Anthropologist’s developed the idea of cultural relativism and it was and is crucial to anthropology as a discipline.  Anthropologists do field work using the participant observer method, which involves immersing oneself in the cultural of another, then writing about it.  Boas and the early anthropologists, among them Margaret Meade, had to undergo psychoanalysis as a preliminary to field work.  This was to enable the field worker to grasp, as best he or she could, the difference between something they brought to the interaction and the actual expression of a different worldview.

    Cultural relativism meant that much as we might like to believe otherwise (manifest destiny, Hail Britannia) one culture’s solution to the way of surviving and flourishing is as valid as any others.  This is the core idea behind multi-culturalism, not merely a liberal tolerance of difference, but suspension of our own values and beliefs in order to accord respect to the other.

    Does this have problems?  Yes, it does.   Critics like Alasdair MacIntyre in his book, After Virtue, say it represents an essential of Modernism, that is, ethical relativism.  MacIntyre suggests we consider Hitler’s Nazi party or, I suppose, Pol Pot’s Khmer Rouge.  Using the notion of cultural relativism are we not bound to honor their horrific outcomes?

    Academics often get caught in the absolutizing of their notions.  It’s either cultural relativism or a solid tradition, like the Thomistic Catholicism that MacIntyre puts forward.  In fact, I think these are more tendencies, ways we lean when assessing data.  Cultural relativism and the thinner soup of multi-culturalism are an inoculant, a vaccine against imperialism, against the unthinking imposition of a more powerful culture on a weaker one.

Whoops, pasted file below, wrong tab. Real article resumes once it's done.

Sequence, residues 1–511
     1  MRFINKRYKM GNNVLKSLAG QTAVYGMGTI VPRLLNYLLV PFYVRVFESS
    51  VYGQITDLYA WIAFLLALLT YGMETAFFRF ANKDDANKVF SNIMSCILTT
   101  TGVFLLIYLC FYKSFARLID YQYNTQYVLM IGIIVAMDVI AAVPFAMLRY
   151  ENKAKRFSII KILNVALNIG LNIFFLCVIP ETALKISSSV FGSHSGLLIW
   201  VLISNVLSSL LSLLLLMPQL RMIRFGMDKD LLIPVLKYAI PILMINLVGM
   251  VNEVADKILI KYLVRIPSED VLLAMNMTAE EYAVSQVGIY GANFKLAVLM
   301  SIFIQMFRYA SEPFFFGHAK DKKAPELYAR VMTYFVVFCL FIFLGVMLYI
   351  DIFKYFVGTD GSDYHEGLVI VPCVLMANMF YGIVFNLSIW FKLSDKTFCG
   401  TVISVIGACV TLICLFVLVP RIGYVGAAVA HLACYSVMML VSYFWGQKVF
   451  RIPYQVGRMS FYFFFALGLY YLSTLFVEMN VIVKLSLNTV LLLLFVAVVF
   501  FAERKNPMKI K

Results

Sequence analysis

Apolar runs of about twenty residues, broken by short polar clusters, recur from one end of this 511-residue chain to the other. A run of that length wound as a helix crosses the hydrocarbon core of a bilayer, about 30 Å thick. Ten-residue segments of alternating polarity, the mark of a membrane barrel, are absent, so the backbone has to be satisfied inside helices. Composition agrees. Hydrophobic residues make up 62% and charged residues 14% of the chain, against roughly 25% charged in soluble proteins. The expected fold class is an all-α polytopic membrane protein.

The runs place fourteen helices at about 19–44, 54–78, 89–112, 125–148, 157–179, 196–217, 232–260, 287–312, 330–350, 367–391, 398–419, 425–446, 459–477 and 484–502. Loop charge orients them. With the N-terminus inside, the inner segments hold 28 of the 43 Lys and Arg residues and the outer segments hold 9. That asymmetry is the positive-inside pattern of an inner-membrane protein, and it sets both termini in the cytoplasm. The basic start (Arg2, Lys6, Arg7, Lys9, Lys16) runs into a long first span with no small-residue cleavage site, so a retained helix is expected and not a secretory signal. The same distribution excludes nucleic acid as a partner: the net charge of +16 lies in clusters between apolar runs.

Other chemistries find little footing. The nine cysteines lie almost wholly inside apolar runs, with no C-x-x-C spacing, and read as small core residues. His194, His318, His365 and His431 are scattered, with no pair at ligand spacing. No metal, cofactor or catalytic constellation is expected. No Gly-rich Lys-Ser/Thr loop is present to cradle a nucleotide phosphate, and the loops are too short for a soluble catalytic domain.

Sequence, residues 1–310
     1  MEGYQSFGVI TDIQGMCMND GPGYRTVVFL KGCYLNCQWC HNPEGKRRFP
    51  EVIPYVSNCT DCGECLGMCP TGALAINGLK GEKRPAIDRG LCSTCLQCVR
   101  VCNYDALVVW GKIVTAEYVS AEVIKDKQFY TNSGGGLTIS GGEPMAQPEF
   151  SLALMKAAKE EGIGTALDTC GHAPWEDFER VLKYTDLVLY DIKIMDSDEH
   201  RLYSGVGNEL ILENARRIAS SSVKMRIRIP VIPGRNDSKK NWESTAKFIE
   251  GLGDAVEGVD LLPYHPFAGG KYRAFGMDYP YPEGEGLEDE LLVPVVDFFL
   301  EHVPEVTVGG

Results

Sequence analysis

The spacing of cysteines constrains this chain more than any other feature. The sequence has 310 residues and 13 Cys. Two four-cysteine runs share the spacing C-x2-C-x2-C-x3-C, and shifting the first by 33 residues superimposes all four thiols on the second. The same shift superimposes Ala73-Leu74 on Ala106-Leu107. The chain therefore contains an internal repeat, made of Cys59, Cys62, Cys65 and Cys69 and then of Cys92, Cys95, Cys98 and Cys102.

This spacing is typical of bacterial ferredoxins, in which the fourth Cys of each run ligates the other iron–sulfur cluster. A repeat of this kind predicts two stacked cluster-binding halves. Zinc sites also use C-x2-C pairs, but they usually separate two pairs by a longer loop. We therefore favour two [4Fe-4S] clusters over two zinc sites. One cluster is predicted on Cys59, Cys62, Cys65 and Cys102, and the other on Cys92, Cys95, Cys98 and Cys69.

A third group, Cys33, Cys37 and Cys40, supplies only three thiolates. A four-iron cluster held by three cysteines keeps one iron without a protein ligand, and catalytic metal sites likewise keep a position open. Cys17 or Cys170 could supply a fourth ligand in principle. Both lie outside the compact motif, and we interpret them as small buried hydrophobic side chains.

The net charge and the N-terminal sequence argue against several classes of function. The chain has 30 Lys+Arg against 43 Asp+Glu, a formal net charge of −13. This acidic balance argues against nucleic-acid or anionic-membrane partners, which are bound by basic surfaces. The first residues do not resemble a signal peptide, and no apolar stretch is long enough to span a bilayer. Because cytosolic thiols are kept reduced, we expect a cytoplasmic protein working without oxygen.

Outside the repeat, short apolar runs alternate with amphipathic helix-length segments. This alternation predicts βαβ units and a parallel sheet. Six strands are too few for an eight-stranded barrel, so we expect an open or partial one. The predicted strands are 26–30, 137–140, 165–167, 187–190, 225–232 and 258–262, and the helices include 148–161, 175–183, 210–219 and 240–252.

Tradition, on the other hand, seems an inescapable and therefore most likely necessary ingredient of the human lived experience.  Within in it we learn how to behave as an American, a Vietnamese, a Hmong, a Trobriand Islander.  We come to assume that the tradition and the culture in which we are raised is normative, and, in fact, it is normative in the vast majority of situations which we encounter.  It is when we cross cultures or traditions that questions arise that we may not have considered.

    Who says democracy  is the only acceptable form of government?  Who says individual rights always come before the needs of the tribe or the state?  Who says marriage between homosexual couples is wrong, ipso facto?  Who says circumcision is critical?  Who says we cannot execute anybody we want to by firing squad, lethal injection or the electric chair?